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Everything else that’s bothering me – my confusing love life, fruitless apartment hunt, an impossible job search – it can all wait.For whatever reason, it’s weed killer that’s on my mind, because it’s what makes me feel like there’s a rock lodged in my throat obstructing my ability to breathe.I daydreamed about surprising him on Father’s Day with a Costco-sized bottle of Killex wrapped in a giant bow, a smile spreading across his face as he sprayed it over the lawn, just like the good old days. * * * According to the Anxiety and Depression Association of America, Generalized Anxiety Disorder is characterized “by persistent, excessive and unrealistic worry about everyday things.” Anxiety wasn’t a new feeling for me.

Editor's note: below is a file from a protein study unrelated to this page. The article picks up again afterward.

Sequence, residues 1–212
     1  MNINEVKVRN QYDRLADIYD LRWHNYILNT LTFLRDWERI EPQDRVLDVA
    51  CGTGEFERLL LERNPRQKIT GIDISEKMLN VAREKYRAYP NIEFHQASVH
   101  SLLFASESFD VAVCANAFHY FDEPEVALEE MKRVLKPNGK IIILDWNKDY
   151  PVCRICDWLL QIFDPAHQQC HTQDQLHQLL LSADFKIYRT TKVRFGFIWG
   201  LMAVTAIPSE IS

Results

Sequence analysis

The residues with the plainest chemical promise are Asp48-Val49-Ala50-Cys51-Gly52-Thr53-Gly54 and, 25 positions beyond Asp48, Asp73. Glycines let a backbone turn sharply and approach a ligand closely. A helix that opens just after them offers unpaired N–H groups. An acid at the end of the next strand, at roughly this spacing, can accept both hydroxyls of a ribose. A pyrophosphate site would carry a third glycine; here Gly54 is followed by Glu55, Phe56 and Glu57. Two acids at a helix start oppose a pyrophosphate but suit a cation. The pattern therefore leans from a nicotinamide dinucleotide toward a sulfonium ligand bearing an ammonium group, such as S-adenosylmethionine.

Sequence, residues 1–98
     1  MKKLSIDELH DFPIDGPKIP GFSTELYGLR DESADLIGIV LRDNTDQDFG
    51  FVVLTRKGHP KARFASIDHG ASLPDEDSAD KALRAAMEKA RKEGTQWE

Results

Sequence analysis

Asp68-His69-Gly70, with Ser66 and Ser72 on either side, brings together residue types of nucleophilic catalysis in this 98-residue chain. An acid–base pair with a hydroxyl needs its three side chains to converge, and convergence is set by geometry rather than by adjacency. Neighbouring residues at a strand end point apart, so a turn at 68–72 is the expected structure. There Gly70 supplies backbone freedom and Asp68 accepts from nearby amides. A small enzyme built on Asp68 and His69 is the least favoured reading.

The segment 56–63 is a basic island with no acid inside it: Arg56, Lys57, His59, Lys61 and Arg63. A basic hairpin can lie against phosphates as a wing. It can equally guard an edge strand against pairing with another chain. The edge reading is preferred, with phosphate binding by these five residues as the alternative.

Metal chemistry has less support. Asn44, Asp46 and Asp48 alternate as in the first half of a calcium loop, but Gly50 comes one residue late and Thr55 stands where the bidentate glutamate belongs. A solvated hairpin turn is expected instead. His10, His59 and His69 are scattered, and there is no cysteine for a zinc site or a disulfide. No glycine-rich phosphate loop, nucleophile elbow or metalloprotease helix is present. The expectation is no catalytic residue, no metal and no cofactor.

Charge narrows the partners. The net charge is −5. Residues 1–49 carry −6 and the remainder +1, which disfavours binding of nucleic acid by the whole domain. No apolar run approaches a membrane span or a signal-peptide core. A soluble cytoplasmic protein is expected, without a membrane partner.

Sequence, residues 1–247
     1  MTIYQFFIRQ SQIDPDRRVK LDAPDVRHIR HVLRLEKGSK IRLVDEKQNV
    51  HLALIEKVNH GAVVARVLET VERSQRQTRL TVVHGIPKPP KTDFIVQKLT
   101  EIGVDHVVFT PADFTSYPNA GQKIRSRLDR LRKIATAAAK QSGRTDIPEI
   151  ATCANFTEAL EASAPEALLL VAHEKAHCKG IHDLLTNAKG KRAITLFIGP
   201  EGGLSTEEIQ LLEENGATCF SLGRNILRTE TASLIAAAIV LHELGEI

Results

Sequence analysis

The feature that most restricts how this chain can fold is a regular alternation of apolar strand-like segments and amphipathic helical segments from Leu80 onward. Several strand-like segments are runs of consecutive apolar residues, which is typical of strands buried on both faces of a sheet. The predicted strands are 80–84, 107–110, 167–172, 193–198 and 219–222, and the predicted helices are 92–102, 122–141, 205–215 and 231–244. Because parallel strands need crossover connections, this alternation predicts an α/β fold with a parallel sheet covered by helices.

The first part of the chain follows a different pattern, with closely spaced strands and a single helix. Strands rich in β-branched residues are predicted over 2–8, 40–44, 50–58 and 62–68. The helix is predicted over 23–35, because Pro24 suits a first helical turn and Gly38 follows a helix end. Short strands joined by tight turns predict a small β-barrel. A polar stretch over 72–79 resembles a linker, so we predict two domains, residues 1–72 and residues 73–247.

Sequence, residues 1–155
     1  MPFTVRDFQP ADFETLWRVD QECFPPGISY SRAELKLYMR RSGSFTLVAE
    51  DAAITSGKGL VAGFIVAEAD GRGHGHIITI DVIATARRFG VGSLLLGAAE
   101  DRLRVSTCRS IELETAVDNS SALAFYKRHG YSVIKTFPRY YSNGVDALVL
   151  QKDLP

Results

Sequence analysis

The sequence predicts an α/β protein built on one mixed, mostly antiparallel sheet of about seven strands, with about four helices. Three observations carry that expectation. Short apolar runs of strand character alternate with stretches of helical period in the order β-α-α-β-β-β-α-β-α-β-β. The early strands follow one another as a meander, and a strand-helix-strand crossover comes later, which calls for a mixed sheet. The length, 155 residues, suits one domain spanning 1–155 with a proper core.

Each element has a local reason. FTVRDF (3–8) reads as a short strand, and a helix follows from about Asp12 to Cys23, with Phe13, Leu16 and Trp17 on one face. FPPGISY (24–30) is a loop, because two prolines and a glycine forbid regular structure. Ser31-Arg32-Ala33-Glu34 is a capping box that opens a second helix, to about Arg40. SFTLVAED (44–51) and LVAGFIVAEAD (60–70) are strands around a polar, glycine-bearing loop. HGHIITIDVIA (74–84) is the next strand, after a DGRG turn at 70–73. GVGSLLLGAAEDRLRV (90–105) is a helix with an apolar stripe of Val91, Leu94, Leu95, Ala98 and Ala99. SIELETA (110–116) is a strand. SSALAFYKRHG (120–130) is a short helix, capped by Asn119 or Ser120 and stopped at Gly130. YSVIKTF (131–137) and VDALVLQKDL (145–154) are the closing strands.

So every time he asked, I made up excuses as to why I couldn’t bring any back. ” and then, “I’ll be too busy to find a Home Depot! My dad is the type of guy who asks for little and expects less – one Christmas I got him a giant garbage can and he was genuinely elated.
When carcinogenic lawn sprays were outlawed in Ontario, my father’s quest for the greenest patch on the block had me dallying in cross-border smuggling—and helped me get to the bottom of my lifelong anxiety.
I’m in my therapist’s office in Downtown Toronto, and all I can talk about is weed killer, the magical elixir of pesticides and other carcinogenic wonders that transform brown rotten grass into velvety green carpets.
Each spring, my dad would happily take Killex (his weapon of choice) out of the garage, attach the lime green canister to the garden hose and spray his weed-and-pest-infested lawn until the yellow patches disappeared.
He would be out there every Sunday morning, long before the rest of the family was up, tending to the lawn.